In 1993 archaeologists at Tel Dan, in northern Israel, discovered a ninth-century B.C.E. Aramaic inscription bearing the phrases Beth David (House of David) and Melech Yisrael (King of Israel)—the earliest extrabiblical references to David and his dynasty. See “‘David’ Found at Dan,” BAR 20:02; and Avraham Biran, “More Fragments from ‘David’ Stela Found at Dan,” BARlines, BAR 20:05.


These four Hebrew letters, often transliterated “Yahweh,” constitute the personal name of the Israelite God.



Thomas L. Thompson, The Early History of the Israelite People: From the Written and Archaeological Sources (Leiden: Brill, 1992); Philip R. Davies, In Search of ‘Ancient Israel’ (Sheffield: JSOT, 1992); Niels Peter Lemche, Ancient Israel: A New History of Israelite Society, trans. Fred Cryer (Sheffield: JSOT, 1988).


See Gary Rendsburg, “Reading David in Genesis,” and Ronald S. Hendel, “David Loves Bathsheba,” BR 17:01; and Hershel Shanks, “King David, Serial Murderer,” BR 16:06.


In this, they follow the lead of the great German biblical scholar Martin Noth. See his “The Deuteronomistic History,” Journal for the Study of the Old Testament Supplement Series (JSOT Sup) 15 (Sheffield: JSOT, 1943).


The Deuteronomistic History consists of Deuteronomy, Joshua, Judges, Samuel and Kings. Most Hebrew Bible scholars identify the Deuteronomy-Kings corpus as a distinct theological history with origins separate from the Genesis-Numbers corpus.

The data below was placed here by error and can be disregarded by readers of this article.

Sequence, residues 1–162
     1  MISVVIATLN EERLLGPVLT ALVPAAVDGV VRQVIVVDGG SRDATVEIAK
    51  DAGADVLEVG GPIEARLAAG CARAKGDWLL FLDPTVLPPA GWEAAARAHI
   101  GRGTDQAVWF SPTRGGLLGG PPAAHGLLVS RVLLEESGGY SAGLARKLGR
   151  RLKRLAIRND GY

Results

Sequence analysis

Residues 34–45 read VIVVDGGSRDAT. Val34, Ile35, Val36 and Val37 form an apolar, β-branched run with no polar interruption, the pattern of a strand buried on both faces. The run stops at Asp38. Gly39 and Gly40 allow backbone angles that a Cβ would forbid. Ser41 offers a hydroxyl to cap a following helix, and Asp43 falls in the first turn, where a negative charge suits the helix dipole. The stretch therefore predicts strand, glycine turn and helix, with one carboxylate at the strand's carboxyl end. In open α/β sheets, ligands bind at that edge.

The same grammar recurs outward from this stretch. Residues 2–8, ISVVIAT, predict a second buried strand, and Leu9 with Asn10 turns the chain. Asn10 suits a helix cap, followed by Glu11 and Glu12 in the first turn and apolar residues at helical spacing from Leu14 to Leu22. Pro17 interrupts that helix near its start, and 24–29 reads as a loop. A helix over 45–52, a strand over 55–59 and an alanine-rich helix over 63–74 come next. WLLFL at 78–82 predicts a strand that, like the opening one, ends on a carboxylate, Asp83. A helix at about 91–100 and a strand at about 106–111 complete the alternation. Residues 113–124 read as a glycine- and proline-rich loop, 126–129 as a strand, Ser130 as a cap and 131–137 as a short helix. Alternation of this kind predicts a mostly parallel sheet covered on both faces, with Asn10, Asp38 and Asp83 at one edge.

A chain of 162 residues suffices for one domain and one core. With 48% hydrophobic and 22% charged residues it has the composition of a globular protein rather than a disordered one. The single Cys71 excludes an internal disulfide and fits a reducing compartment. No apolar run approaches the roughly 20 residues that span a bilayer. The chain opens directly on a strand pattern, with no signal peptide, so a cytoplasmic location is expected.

P. Kyle McCarter, Jr., “The Apology of David,” Journal of Biblical Literature 99 (1980), pp. 489–504 and I Samuel: A New Translation with Introduction, Notes and Commentary, Anchor Bible 8 (Garden City, NY: Doubleday, 1980), pp. 27–30; James VanderKam, “Davidic Complicity in the Deaths of Abner and Eshbaal: A Historical and Redactional Study,” Journal of Biblical Literature 99 (1980), pp. 521–539; Keith Whitelam, “The Defense of David,” JSOT 29 (1984), pp. 61–87; Steven L. McKenzie, King David: A Biography (Oxford and New York: Oxford Univ. Press, 2000).


See James Flanagan, “Court History or Succession Document: A Study of 2 Samuel 9–20 and 1 Kings 1–2, ” Journal of Biblical Literature 91 (1972), pp. 172–181; Marsha C. White, The Elijah Legends and Jehu’s Coup: An Examination of a Biblical Accession Text (Ann Arbor: University Microfilms, 1994), pp. 141–150; McKenzie, King David, pp. 30–36, 129–184. The same kind of analysis I have summarized with respect to the History of David’s Rise and the Revolt Narrative can be (and has been) done with respect to other early sources, including the Ark Narrative (1 Samuel 4–6) and Solomon’s Succession Narrative (2 Samuel 10–12; 1 Kings 1–2). Regarding the former, see Patrick D. Miller, Jr., and J.J.M. Roberts, The Hand of the Lord: A Reassessment of the “Ark Narrative” of I Samuel (Baltimore: Johns Hopkins Univ. Press, 1977); and, with regard to the latter, T.C.G. Thornton, “Solomonic Apologetic in Samuel and Kings,” Church Quarterly Review 169 (1968), pp. 159–166; R.N. Whybray, The Succession Narrative: A Study of II Samuel 9–20; I Kings 1 and 2, Studies in Biblical Theology 9 (Naperville, IL: Allenson, 1968); and McCarter, II Samuel: A New Translation with Introduction, Notes and Commentary, Anchor Bible 9 (Garden City, NY: Doubleday, 1984), pp. 11–16.